Search

JPMorgan Is Calling for Appraisal Industry Reforms to End Racial Bias in Housing - by Richard Oyamo

Wednesday, 16 June 2021 -



America’s biggest bank, JPMorgan, is championing efforts to stop racial bias in home appraisals in the country - Richard Oyamo reports.


Calling for the much-needed diversity in the appraisal sector, the bank has thrown its weight into new commitments to fight America’s housing inequality, with the focus on promoting equitable home valuations. And for the first time, the bank has today outlined its strategic backing plans for specific legislations aimed at fighting appraisal bias.


Beyond Property Appraisals


The bank has promised to eliminate the barriers that make it harder for Latinx and Black households to:


  • Access affordable housing facilities.

  • Build wealth.

  • Buy homes in America.


Heather Higginbottom, who is JPMorgan’s Chase Policy Centre as well the chairperson of global philanthropy, attributed the racial appraisal bias to the systemic barriers in housing that have existed for as long as we can remember.


JPMorgan’s $30 Billion Pledge to Ease Racial Inequality in Housing


This year, the bank has promised a $400 million philanthropic commitment that would go towards low-interest loans, affordable housing organizations, as well as equity and grants to non-profit organizations. This commitment is part of the bank’s $30 billion support (announced October 2020) to ease racial inequalities.


But that is just the gist of it. According to recent innovation studies conducted to minimize the racial wealth gap, discrimination, especially in the housing industry is the chief contributor to America's enormous wealth gap. The study highlighted that owning a home needs the buyer to save for a down payment, and having one is the easiest way to build wealth.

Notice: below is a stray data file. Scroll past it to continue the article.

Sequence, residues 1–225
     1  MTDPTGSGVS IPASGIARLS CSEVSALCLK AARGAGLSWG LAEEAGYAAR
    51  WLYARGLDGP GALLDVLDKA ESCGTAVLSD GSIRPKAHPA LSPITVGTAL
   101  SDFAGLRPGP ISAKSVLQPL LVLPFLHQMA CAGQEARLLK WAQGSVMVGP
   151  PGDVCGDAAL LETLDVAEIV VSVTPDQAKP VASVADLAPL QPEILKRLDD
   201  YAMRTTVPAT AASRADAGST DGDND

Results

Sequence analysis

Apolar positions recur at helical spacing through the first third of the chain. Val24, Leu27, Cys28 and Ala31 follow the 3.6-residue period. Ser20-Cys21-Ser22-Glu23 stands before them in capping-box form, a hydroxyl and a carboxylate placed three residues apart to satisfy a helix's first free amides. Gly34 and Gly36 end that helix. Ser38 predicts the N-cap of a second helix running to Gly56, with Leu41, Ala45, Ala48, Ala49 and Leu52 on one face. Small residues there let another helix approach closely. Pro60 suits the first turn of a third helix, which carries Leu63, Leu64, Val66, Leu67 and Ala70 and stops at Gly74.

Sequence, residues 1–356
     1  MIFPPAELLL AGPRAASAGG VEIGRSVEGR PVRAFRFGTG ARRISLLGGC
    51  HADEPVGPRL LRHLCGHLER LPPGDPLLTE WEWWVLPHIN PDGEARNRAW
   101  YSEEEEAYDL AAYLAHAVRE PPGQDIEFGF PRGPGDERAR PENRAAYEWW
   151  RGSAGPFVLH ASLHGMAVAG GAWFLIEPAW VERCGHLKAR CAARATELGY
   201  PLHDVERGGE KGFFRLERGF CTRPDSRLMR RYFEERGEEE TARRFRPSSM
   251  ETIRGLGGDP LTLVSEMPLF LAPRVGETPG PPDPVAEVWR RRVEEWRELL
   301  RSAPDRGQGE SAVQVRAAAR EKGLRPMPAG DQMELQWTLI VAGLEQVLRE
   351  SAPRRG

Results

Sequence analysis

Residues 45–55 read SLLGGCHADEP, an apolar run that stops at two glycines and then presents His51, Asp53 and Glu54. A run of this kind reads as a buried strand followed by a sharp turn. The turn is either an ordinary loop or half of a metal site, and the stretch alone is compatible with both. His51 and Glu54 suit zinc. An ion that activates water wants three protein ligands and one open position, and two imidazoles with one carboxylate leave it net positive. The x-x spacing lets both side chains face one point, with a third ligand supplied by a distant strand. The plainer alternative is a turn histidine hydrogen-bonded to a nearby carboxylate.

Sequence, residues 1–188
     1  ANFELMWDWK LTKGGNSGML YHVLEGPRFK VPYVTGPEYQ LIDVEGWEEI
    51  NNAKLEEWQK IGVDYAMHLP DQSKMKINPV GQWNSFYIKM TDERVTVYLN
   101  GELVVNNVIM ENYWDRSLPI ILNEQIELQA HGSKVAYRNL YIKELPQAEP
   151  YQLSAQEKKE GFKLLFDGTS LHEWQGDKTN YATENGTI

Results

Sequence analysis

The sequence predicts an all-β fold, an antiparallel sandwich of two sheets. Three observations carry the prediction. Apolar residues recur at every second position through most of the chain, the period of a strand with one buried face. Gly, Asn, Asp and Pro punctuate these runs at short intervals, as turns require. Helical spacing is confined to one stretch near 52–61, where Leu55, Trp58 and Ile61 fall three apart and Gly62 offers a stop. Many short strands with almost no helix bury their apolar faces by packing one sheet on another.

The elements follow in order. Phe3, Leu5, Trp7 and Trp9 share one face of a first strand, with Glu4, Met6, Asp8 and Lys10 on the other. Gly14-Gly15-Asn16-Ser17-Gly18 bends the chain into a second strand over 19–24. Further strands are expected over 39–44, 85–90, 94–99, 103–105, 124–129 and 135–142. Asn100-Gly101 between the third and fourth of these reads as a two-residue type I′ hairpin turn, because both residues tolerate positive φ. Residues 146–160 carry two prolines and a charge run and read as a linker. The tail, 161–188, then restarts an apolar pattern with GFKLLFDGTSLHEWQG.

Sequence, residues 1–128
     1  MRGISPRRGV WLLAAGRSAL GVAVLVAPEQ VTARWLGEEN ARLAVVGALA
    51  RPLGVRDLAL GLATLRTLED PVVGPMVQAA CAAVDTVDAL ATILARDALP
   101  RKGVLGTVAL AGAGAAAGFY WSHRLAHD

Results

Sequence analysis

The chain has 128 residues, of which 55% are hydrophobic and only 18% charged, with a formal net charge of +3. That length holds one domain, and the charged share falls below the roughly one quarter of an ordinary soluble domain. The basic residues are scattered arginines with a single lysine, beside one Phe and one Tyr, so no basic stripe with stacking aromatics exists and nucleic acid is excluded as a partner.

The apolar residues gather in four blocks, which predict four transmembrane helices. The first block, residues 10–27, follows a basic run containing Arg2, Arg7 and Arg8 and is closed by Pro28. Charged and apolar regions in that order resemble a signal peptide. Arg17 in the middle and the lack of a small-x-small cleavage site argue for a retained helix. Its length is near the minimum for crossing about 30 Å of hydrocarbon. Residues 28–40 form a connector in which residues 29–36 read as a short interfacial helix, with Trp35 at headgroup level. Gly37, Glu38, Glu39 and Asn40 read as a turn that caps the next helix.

In what the Brookings Institution report refers to as a “$156 billion problem,” houses in Latinx and majority-Black suburbs are, on average, valued at $48,000 less. This valuation discrepancy represents 23% less than homes in neighbourhoods with few or no black residents.


This sentiment is also echoed by Michael Hsu, Comptroller of the Currency, appraisal bias and discrimination are the biggest contributors to housing valuation inequality, which adversely affects the basic foundation of building wealth for minority households. He reiterates that the impact has been amplified enough and can’t be ignored anymore.


Homeownership in America


According to the latest Urban Institute analysis, homeownership for White Americans today is at 72%, compared to 42% for Black Americans. Incredibly, the 30% gap is getting worse as it eclipses the figures for 1968, a time when discrimination in housing was legal.


JPMorgan has called an end to today's worsening home market conditions, citing the rising prices, house shortages, and the existing barriers to down payment access: issues that keep homeownership out of reach for Latinx and Black Americans, as well low-income families.


Is Revamping the Appraisal Industry the Way Out?


JPMorgan has called for reforms in the appraisal sector to stop the racial bias in home and property valuations. To highlight the problem, only 2% of appraisers in the country are Black, and some minority groups conceal their identity to have their homes valued favourably. Some of the reforms JPMorgan is calling for include:


  • Creation of an anti-bias training requirement for all appraisers.

  • Establishment of a new national home valuation standard and a platform for equal access to valuation data.

  • Rulebook reform to ensure appraisers utilize more data and less judgment.


In championing such efforts, JPMorgan has invested $1 million in the Brookings Institution and Ashoka to fund innovative studies as to how the appraisal gap can be narrowed down. The bank is also offering $50,000 to Black and minority women who feel their homes were undervalued.


(Written and edited by: Richard Oyamo for The Decision Maker)